Coosje L. S. Veldkamp

Learn More
Statistical analysis is error prone. A best practice for researchers using statistics would therefore be to share data among co-authors, allowing double-checking of executed tasks just as co-pilots do in aviation. To document the extent to which this 'co-piloting' currently occurs in psychology, we surveyed the authors of 697 articles published in six top(More)
The designing, collecting, analyzing, and reporting of psychological studies entail many choices that are often arbitrary. The opportunistic use of these so-called researcher degrees of freedom aimed at obtaining statistically significant results is problematic because it enhances the chances of false positive results and may inflate effect size estimates.(More)
We respond to the commentaries Waldman and Lilienfeld (Psychometrika, 2015) and Wigboldus and Dotch (Psychometrika, 2015) provided in response to Sijtsma's (Sijtsma in Psychometrika, 2015) discussion article on questionable research practices. Specifically, we discuss the fear of an increased dichotomy between substantive and statistical aspects of research(More)
Do lay people and scientists themselves recognize that scientists are human and therefore prone to human fallibilities such as error, bias, and even dishonesty? In a series of three experimental studies and one correlational study (total N = 3,278) we found that the "storybook image of the scientist" is pervasive: American lay people and scientists from(More)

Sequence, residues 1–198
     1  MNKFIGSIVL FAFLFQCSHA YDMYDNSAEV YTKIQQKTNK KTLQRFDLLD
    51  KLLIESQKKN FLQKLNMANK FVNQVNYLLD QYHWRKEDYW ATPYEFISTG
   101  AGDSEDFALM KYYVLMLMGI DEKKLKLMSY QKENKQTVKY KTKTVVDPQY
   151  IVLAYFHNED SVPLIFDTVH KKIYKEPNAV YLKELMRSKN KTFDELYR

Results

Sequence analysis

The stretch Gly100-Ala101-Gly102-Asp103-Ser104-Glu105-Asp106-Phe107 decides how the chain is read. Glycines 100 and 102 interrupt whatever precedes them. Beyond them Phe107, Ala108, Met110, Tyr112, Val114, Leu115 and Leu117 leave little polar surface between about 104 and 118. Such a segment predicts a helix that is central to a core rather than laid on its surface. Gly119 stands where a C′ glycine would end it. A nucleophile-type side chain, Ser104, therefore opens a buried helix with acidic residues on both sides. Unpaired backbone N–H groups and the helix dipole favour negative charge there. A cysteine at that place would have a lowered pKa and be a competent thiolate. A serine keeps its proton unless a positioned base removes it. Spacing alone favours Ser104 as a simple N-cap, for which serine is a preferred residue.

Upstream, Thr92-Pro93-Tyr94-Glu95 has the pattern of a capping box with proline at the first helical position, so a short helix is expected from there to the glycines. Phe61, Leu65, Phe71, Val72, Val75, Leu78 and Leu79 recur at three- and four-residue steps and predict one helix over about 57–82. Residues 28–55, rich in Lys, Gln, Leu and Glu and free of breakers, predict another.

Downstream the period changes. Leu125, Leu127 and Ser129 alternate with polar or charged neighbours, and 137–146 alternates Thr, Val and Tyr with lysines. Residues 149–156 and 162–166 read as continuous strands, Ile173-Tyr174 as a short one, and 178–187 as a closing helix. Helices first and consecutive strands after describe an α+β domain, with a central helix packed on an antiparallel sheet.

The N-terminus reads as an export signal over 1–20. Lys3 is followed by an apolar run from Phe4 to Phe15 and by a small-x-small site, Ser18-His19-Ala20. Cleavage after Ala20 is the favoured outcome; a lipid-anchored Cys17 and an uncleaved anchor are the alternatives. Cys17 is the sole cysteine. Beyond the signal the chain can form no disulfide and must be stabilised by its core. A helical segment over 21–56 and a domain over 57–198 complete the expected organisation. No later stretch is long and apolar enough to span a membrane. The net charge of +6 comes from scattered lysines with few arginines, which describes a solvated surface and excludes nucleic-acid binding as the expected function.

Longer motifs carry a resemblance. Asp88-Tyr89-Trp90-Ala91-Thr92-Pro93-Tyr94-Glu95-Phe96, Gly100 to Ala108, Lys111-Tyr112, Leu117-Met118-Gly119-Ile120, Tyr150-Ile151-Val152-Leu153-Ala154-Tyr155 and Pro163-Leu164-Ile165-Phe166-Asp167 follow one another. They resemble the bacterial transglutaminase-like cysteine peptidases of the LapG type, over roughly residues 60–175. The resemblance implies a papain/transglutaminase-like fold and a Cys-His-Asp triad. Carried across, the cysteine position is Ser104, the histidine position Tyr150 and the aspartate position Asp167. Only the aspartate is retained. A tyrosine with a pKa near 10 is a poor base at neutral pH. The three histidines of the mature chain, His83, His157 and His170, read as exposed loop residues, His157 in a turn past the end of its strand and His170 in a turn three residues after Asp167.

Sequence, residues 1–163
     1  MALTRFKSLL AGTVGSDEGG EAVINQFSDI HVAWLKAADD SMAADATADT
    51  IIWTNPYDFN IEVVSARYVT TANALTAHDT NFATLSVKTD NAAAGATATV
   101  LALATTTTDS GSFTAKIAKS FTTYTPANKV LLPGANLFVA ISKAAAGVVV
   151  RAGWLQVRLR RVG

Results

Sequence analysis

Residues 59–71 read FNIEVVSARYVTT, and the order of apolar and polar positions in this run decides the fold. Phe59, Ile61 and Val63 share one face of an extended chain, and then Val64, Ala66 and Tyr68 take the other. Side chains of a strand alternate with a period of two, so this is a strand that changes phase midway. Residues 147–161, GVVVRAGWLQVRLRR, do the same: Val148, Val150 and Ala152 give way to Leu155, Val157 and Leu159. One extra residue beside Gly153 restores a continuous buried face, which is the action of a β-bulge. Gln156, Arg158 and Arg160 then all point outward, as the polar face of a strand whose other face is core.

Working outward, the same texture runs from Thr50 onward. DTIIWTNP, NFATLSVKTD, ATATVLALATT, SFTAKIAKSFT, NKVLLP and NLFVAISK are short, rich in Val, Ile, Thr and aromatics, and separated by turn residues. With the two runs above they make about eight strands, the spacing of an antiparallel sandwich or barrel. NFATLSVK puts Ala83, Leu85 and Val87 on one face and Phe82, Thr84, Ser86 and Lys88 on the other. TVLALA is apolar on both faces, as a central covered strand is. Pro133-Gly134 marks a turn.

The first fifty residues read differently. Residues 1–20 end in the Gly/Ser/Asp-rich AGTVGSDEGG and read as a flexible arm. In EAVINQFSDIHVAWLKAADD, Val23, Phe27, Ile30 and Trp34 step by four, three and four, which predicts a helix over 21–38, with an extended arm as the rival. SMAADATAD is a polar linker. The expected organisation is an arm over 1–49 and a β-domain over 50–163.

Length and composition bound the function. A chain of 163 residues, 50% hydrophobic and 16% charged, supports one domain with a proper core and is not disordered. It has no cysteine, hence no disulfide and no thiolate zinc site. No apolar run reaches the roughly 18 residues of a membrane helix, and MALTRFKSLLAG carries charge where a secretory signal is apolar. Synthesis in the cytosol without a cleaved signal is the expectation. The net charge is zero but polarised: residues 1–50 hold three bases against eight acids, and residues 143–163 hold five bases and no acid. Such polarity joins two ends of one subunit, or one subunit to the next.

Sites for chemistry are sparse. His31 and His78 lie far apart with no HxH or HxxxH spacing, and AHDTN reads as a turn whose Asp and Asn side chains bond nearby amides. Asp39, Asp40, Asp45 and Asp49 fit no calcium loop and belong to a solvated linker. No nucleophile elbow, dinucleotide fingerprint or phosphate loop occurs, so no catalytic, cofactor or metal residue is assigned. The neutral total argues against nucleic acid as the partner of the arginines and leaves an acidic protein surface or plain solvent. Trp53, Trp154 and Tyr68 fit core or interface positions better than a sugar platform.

BACKGROUND Personality influences decision making and ethical considerations. Its influence on the occurrence of research misbehavior has never been studied. This study aims to determine the association between personality traits and self-reported questionable research practices and research misconduct. We hypothesized that narcissistic, Machiavellianistic(More)
Replication is often viewed as the demarcation between science and nonscience. However, contrary to the commonly held view, we show that in the current (selective) publication system replications may increase bias in effect size estimates. Specifically, we examine the effect of replication on bias in estimated population effect size as a function of(More)
A survey in the United States revealed that an alarmingly large percentage of university psychologists admitted having used questionable research practices that can contaminate the research literature with false positive and biased findings. We conducted a replication of this study among Italian research psychologists to investigate whether these findings(More)
  • 1